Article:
Former Newcastle Falcons head coach Alan Tait has no axe to grind with club

ALMOST a year on from his departure, former Newcastle Falcons head coach Alan Tait admits his time away from Kingston Park has given a greater sense of perspective.

Former Newcastle Falcons head coach Alan Tait
Former Newcastle Falcons head coach Alan Tait

ALMOST a year on from his departure, former Newcastle Falcons head coach Alan Tait admits his time away from Kingston Park has given a greater sense of perspective.

The Scot was told to ‘take a break from rugby’ midway through last season’s Premiership relegation struggle, one which ultimately resulted in the drop despite a late resurgence under South African successor Gary Gold.

Dean Richards has now taken the reins as the Falcons sit unbeaten midway through the Championship season, Tait saying: “It is great to see Newcastle doing well, and I really sincerely mean that.

“The Falcons are a great club, and hopefully they can build themselves back up again. The foundations are the important thing, and I think Dean is doing a great job of getting that sorted so he can build on top of it in future.”

Never a man overly concerned with emotion or sentimentality, Tait is not weighed down by any sense of injustice at his own exit from a club he helped to their one and only Premiership title as a player.

He said: “In the past a lot of people who have left Newcastle Falcons have been bitter because of things that have happened above their head, but I am not like that. I enjoyed my time there.

“When I look back I realise I could have done things differently, but the Premiership is a bloody difficult league and it tests you every single week.

“I have been down to Kingston Park a couple of times this season when my son Michael has been involved in the games, just supporting my lad like any parent would do.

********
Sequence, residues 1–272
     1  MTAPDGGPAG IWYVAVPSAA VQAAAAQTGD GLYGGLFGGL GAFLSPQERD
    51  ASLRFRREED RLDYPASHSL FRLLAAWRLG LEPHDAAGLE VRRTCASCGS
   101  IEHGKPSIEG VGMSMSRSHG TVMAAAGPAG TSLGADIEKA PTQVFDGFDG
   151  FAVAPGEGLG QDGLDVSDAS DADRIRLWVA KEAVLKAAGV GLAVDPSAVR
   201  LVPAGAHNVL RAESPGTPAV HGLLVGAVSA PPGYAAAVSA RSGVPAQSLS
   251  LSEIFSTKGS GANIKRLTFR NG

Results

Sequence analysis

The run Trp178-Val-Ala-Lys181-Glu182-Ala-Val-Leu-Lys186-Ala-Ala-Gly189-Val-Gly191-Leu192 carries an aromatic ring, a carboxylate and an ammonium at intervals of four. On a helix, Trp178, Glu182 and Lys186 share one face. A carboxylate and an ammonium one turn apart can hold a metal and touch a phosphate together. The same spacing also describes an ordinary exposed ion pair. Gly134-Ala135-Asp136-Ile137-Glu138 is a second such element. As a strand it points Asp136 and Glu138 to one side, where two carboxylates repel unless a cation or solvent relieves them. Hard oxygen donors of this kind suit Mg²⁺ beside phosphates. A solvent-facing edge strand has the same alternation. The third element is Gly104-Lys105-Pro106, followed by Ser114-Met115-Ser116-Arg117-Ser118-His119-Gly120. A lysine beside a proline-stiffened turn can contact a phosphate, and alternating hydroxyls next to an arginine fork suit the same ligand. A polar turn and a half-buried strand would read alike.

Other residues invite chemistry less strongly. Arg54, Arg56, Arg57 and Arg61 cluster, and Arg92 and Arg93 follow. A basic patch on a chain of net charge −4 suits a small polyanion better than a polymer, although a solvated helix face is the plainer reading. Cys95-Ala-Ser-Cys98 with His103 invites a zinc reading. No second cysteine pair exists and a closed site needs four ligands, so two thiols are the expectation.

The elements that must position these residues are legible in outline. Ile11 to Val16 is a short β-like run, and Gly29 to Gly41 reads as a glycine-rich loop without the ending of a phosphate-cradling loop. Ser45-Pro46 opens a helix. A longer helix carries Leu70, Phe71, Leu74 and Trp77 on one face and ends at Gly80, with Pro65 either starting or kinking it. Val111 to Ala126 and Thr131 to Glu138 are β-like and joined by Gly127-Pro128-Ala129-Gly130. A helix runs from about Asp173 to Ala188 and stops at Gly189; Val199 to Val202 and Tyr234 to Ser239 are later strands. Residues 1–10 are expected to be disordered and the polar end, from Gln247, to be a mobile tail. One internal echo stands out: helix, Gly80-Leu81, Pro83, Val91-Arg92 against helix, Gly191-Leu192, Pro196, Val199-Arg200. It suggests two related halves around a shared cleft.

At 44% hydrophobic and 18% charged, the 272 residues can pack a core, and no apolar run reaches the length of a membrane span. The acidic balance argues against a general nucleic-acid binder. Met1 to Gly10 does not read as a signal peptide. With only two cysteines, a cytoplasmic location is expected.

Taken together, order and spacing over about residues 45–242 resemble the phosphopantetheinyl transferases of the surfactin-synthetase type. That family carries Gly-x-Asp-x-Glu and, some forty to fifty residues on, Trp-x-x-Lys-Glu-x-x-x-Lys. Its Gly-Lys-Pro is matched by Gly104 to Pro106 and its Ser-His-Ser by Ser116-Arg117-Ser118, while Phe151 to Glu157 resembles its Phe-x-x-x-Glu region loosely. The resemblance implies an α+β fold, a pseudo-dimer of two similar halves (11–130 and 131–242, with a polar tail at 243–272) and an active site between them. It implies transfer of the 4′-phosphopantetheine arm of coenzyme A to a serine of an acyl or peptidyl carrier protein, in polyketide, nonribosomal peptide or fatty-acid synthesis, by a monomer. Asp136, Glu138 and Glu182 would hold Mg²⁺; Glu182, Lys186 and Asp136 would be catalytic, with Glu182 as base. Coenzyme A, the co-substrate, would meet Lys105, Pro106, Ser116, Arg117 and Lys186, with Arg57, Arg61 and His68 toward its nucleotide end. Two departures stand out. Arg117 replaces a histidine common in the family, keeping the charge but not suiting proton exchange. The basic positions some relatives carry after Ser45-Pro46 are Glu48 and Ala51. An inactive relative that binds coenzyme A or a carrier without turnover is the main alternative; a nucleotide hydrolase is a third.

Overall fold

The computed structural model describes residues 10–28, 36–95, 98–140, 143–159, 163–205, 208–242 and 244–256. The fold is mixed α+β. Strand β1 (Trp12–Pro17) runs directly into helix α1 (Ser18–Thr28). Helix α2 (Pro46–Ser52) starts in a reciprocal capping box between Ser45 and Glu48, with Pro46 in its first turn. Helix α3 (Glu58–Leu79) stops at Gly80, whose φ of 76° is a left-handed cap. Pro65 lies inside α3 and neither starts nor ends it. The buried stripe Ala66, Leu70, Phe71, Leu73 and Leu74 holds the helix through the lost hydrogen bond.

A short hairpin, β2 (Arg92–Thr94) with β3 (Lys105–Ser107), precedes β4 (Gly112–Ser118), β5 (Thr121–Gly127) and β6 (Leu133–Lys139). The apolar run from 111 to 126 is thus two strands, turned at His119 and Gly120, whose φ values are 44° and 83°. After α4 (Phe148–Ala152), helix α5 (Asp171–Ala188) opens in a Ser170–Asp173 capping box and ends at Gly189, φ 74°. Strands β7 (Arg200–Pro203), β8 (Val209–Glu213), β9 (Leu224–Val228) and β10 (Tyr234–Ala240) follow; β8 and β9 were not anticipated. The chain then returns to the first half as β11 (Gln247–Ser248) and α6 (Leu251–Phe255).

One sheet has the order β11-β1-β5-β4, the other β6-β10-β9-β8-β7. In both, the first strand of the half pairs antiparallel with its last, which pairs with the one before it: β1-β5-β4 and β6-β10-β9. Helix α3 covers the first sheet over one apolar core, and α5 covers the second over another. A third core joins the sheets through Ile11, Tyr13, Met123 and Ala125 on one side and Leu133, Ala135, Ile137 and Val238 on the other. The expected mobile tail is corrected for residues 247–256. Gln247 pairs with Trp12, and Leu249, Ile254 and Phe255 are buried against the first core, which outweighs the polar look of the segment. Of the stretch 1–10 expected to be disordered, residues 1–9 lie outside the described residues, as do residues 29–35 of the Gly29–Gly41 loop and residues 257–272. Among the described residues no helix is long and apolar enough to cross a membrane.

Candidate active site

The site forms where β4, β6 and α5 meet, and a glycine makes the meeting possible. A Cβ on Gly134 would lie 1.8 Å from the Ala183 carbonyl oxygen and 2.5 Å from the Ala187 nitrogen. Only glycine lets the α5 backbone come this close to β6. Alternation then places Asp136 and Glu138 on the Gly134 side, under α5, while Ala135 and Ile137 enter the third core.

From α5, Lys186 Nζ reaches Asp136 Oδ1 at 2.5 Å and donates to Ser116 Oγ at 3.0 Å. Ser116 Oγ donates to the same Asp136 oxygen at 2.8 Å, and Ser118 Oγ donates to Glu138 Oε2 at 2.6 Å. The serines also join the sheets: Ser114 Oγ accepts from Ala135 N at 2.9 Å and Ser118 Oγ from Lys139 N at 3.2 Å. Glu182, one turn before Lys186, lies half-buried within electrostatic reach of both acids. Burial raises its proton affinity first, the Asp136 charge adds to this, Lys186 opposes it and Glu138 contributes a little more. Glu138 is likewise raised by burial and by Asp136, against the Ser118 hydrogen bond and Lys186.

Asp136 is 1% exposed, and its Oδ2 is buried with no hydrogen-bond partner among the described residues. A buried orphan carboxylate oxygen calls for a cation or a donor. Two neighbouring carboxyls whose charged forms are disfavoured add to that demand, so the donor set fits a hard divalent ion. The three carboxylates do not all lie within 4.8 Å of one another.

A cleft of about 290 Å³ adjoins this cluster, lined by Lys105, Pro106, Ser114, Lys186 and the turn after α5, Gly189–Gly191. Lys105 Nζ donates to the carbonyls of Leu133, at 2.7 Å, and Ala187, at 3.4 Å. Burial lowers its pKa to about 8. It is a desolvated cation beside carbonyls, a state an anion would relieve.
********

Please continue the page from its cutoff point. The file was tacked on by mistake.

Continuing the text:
“The general response from the punters when they see me in the stands has been all right, and the players too have been good in some of the things they have said to me.

“I have spoken to a few of them after the games, and I think for everything that happened at least people can appreciate certain things that I did manage to do.

“I have got no problem with the club, they always looked after me and I’m not the type of bloke to hold a grudge against them.”

Installed last week as a 33/1 outsider to replace Andy Robinson as Scotland head coach, the fervent patriot admitted his would not be one of the CVs landing on the desk of the Murrayfield recruitment chiefs.

“No, I am not really tempted to throw my hat in the ring,” he said, busying himself with a house-building project while he considers his next move in the game.

“Head coach of a national side is another level. I dipped my toe in as head coach of Newcastle, and it is a difficult job. A lot more of your time is spent dealing with off-field than on-field stuff, and that was my big thing at Newcastle.

“I didn’t find the rugby coaching too much of a problem, but all the ins-and-outs, the politics and the distractions are what take up your time.

“I learnt a lot, though, and if I was to put my feet back into the pool it would be interesting to see how I am able to use that.” A renowned defence specialist before his promotion at the Falcons, Tait added: “I really enjoyed the attack coaching side of things, as it happens.

“You can only work so long coaching defence before you want to start scoring some tries.

“Maybe that was our downfall, but defensively I haven’t got a problem and I am confident I could go just about anywhere and coach defence.

“The line I am thinking at the moment is more a general assistant coach if and when I did come into the game

“And if you do that then you have a good mixture where you can use your defence knowhow but also influence the other elements.

“We’ll just see what opportunities turn up.”


David Whetstone
Culture Editor
Graeme Whitfield
Business Editor
Mark Douglas
Newcastle United Editor
Stuart Rayner
Sports Writer